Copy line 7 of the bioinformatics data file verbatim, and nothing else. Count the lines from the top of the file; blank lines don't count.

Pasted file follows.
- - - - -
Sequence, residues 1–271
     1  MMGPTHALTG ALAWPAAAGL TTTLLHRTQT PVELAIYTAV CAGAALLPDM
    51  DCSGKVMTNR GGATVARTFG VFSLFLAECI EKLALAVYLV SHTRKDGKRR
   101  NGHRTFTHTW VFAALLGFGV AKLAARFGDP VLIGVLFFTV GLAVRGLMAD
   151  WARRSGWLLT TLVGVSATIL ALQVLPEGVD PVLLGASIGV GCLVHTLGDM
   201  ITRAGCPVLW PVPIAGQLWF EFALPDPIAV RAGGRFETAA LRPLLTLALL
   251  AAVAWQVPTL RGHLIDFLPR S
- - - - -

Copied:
   251  AAVAWQVPTL RGHLIDFLPR S